Music Review

Tchaikovsky: Violin Concerto - Joshua Bell/Berlin Philharmonic/Michael Tilson Thomas (Sony)

joshua_bell.jpgBell and MTT combine to give this warhorse a lithe, elfin gracefulness at times (in the fast outer movements) more reminiscent of the Mendelssohn Violin Concerto than of the heavily Romantic readings often heard in the Tchaikovsky. Linda Kobler's booklet notes quote Bell as calling the piece "the most intimate, elegant, almost 'balletic' warhorse I know!" Well, that's also a partial list of Bell's strengths as a player -- just add in the most beautifully silken, refined tone of any player of his young generation on record, an exquisite sense of dynamics and the technique to project clearly even in the most hushed moments, and the good taste to avoid the sort of grotesqueries that some fiddlers are resorting to in order to distinguish themselves from the crowded field in well-known repertoire. Bell doesn't show off in this music by emphasizing its difficulties, instead making it sound easy --which, really, is much more impressive, especially in the finale.  Read more »

Silver Jews: Tanglewood Numbers (Drag City)

Silver Jews

For a fan such as myself, sitting down to listen to the Silver Jews' Tanglewood Numbers was somewhat like bumping into an old friend one hasn't seen in a long while, pleased to see that they retained qualities that drew you to them in the first place and yet changed in ways that have earned them new charm in your eyes. Indeed, Tanglewood Numbers should mark a happy reentry for old fans and a welcome introduction for those who have not yet come to know and appreciate Dave Berman's idiosyncratic, matter of truth tales and sardonic musings. With this latest record, however, Berman adds yet another set of elements to the mix: violins, Nashville swing, and, dare I say, actual happiness. Read more »

John Coltrane: One Down, One Up: Live at the Half Note (Impulse!/Verve/Universal)

coltrane.jpg This captures Coltrane’s classic quartet with McCoy Tyner, Jimmy Garrison, and Elvin Jones at its 1965 peak (a few months before Trane began adding other players; by the time he went into the studio in 1966, Tyner had been replaced by Alice Coltrane) in radio broadcasts from a New York club on March 26 and May 7. Crescent and A Love Supreme had been made the previous year and The John Coltrane Quartet Plays... was being recorded contemporaneously.
Coltrane had refined his modal playing to the point where he’s playing with absolute assurance, pushing into the highest levels of imaginative expression that the style could support; soon he went further and crossed the line into free jazz. Read more »

Shirley Horn: But Beautiful - The Best of Shirley Horn (Verve)

Shirley HornWooing jazz listeners with thrillingly intimate deliveries of standards and surprises for over three decades, Shirley Horn secured a spot high in the jazz pantheon long before she died last month. Not only a superb singer, she was also an excellent pianist who prefered to accompany herself and did so once she'd gotten it through record producers' heads that that format allowed her to communicate best with her audiences. Read more »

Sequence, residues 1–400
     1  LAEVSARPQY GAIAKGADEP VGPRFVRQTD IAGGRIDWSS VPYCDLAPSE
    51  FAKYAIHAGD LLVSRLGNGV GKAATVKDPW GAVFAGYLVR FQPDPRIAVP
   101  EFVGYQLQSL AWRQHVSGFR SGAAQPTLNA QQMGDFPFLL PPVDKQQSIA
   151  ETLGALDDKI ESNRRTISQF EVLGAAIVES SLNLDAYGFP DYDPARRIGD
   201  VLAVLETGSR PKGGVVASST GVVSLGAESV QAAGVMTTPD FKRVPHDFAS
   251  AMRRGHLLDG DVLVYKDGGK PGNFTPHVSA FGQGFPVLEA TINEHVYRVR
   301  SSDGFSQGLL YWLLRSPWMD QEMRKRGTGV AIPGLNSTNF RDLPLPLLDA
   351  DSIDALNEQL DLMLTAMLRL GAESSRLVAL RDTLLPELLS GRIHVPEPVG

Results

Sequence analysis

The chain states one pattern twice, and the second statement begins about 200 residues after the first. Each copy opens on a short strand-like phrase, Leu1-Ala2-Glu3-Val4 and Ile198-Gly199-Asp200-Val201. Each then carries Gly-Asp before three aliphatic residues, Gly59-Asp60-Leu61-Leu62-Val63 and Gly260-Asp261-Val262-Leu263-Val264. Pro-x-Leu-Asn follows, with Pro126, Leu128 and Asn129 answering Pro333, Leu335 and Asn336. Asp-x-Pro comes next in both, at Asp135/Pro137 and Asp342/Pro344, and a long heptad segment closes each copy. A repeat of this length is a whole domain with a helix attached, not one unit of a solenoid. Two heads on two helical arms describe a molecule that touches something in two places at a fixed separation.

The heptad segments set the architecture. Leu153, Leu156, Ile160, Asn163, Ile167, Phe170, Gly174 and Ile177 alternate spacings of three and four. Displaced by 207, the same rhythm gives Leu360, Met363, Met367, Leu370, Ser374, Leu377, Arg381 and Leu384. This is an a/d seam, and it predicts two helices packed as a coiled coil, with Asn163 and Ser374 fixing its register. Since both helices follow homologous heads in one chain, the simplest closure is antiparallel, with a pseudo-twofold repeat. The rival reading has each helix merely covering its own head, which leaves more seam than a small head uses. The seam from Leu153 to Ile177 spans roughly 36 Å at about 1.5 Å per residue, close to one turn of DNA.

Yusef Lateef/Adam Rudolph/Go: Organic Orchestra: In the Garden (Meta/YAL)

Yusef LateefI'm late in reviewing this, but I wouldn't want to deprive improvised music lovers of notice of this truly great album. Multi-instrumentalist Yusef Lateef, one of the amazing musical innovators of the past four decades, fully deserves his own genre (he dislikes the connotations of "jazz" and has dubbed what he does "autophysiopsychic music") because he crosses all other style boundaries; he once won a Grammy in the New Age category -- for a symphony -- and had to ask what New Age was! Lateef has been working with percussionist Adam Rudolph for about a decade now, and in their collaborations they seem to consistently inspire each other to the most exquisite heights of improvisational imagination. Read more »

Jon Brion: The Canal Room, NYC


The word "genius" is severely overused, but if Jon Brion hasn’t earned it, no one has. He composes movie scores, produces records, plays every instrument that you can imagine (he’s contributed notable guest performances to records by Beck and Elliott Smith), and has released an album of original material. His talent is enviably flexible, but everything that he does bears the mark of his original and distinctive sensibility; his work is always marked by a lush, ornate, retro atmosphere, catchy riffs played on antique instruments, and a delicate balance between wit and sadness. It's the sort of music that makes you feel nostalgic the first time you hear it. Whether you know it or not, you've heard Brion play, and you may be an unconscious fan. Read more »

Shemekia Copeland: The Soul Truth (Alligator)

Shemekia CopelandShemekia Copeland, daughter of bluesman Johnny Copeland, followed in her father’s footsteps for her first few albums, but with this release she’s slid into the adjacent genre on the musical spectrum: Southern soul. The disc is produced by Stax-Volt legend Steve Cropper of Booker T & the MGs (kids, if you haven’t heard of him, at least you’ve probably seen him in the Blues Brothers: he’s the guitarist), who also plays on all but one track. Add the Muscle Shoals Horns on seven of the eleven tracks, plus keyboards (especially organ) from Felix Cavaliere (Rascals) Chuck Leavell, etc., a rock-solid rhythm section anchored by Steve Potts or Chester Thompson on drums, plus Copeland herself, and there’s soul oozing from every track. This was a direction Copeland was already moving in, so it’s no surprise. Read more »